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Free to offend?

March 7, 2011
The poppy

Imagine for a moment 2 young white men outside a mosque in Saudi Arabia.  As people are entering the mosque to attend a memorial service, the 2 men set fire to a Koran and drop it to the floor, where it burns away to nothing.  At the same time the 2 men shout various slogans along the lines of, “Muslims burn in hell.  Muslims – murderers.  Muslims – rapists.  Muslims – terrorists.”  I think we can all imagine the outrage that would be felt, and expressed, by those present and anyone who heard about it.

Now imagine the uproar if, after being charged with Public Order offences, one of the 2 men were to be acquitted and the other convicted and fined £50 plus a £15 ‘victim surcharge’.  To add insult to injury, what if it turned out that the Saudi government were supporting the convicted criminal to the tune of nearly £800 a month and had to continue paying him.

Nothing like this would ever happen though right?

Today at Woolwich Crown Court in London a young man was convicted of burning poppies at an Armistice Day event in Kensington last November.  He burned the poppies at the end of the 2-minute silence held at 11am, during which he and others had been chanting such things as, “British soldiers burn in hell.  British soldiers – murderers.  British soldiers – rapists.  British soldiers – terrorists.”  And, funny old thing, he was fined £50 plus a £15 ‘victim surcharge’ for this offence.  He currently receives nearly £800 per month in state benefits.  He is a member of a group calling itself ‘Muslims against Crusades’ (MAC).

So, the question here is was the outcome the right one?  Was it right to charge this man with a criminal offence and, if so, does the punishment fit the crime?

We live in a democracy, where the right of an individual to express themselves and protest has long been protected.  Protected, in part, by the very British service people against whom this protest was made.  As we have seen recently, this freedom cannot be taken for granted in most countries that identify themselves as Muslim.  The event at which this man was protesting was a memorial to British and Commonwealth soldiers who have given their lives since the start of the 20th century in order to protect the freedoms enjoyed in Great Britain today.  Many of those soldiers being commemorated were Muslims themselves and served proudly and well.

As a general rule I support the right of anyone to protest and express themselves in this or any other country.  I have put my life on the line as part of the defence of these and other freedoms and no doubt will again in future.  Having said that I don’t think this particular action was justified in the context in which it occurred.  This was not a legitimate protest, aimed at those responsible, it was a cynical attempt to disrupt an annual memorial service going back nearly 100 years in order to protest current Government policy.  It was then conducted in a deliberately provocative manner, attacking the 2 main symbols of the memorial: the silence and the poppy.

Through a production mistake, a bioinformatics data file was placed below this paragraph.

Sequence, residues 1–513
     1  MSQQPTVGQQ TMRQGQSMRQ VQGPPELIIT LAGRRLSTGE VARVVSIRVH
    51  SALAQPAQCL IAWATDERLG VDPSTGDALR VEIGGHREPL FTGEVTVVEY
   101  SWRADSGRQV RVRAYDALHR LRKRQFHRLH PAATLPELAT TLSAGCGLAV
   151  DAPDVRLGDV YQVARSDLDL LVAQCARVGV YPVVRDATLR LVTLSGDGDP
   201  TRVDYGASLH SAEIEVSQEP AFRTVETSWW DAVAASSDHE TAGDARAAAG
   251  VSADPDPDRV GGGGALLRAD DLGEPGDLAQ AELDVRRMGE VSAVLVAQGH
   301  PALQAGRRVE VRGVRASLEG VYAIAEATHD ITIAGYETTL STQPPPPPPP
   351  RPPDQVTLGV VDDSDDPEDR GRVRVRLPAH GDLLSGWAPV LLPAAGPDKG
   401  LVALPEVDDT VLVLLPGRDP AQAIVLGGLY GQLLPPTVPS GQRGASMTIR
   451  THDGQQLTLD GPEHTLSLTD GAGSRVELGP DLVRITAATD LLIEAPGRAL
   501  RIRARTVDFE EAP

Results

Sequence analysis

I believe that it was right to charge this man with a Public Order offence.  He wasn’t trying to protest government policy or the actions of British Forces, he was trying to cause harassment, alarm or distress to as many people as possible.  He was charged and convicted, in a free and fair trial.

Did the punishment fit the crime then?  It’s hard to see how he could have been punished any more, within the law.  An offence under section 5 Public Order Act is a fairly low-level one, with correspondingly low penalties available.  The offence is usually used to deal with rowdy drunks and the like.  There are other offences within the Act that could have been used which attract slightly heavier penalties, but without the detailed facts it’s hard to know if they would have been more appropriate to charge.

The bottom line here is that a religious extremist and his chums, who claim to represent a religion of ‘peace’, set out to cause distress to people commemorating the sacrifices of men and women who have stood and been counted in the defence of a country which allows them the right of free expression.  He was rightly charged with an offence and punished as far as the law and sentencing guidelines allow.

This man and his fellows do not represent Muslims any more than the EDL represents me.  He is an extremist, so far wrapped up in his own worldview that he doesn’t even recognise that there could be another way to see things, let alone see any merit in other points of view.  In his case his extremism is based on religion and I would go so far as to say that the majority of extremism is.  After all, there’s no arguing with someone who has no evidence.

What this really tells us is that ‘hard cases make bad law’ and that there’s nothing so stupid or offensive that someone, somewhere won’t do it.  People eh?

One Comment leave one →
  1. March 9, 2011 21:54

    I think thats pretty fair comment and it is a difficult one. While I support the work of the legion I have felt the need to shun the poppy for a couple of years since they excepted money from the BNP. I felt this devalued everything that the poppy stood for, I have given to other service charities and I am sure the poppy will return to my collar soon.

    But the idea of burning such a potent symbol as a protest is one that borders on religous hatred and was only designed to inflame and anger and I find very distasteful. The cost of a good curry and beer in a fine doesn’t seem adequate, but then those are the onions we have to like if we wish to have freedom of speech and protest.

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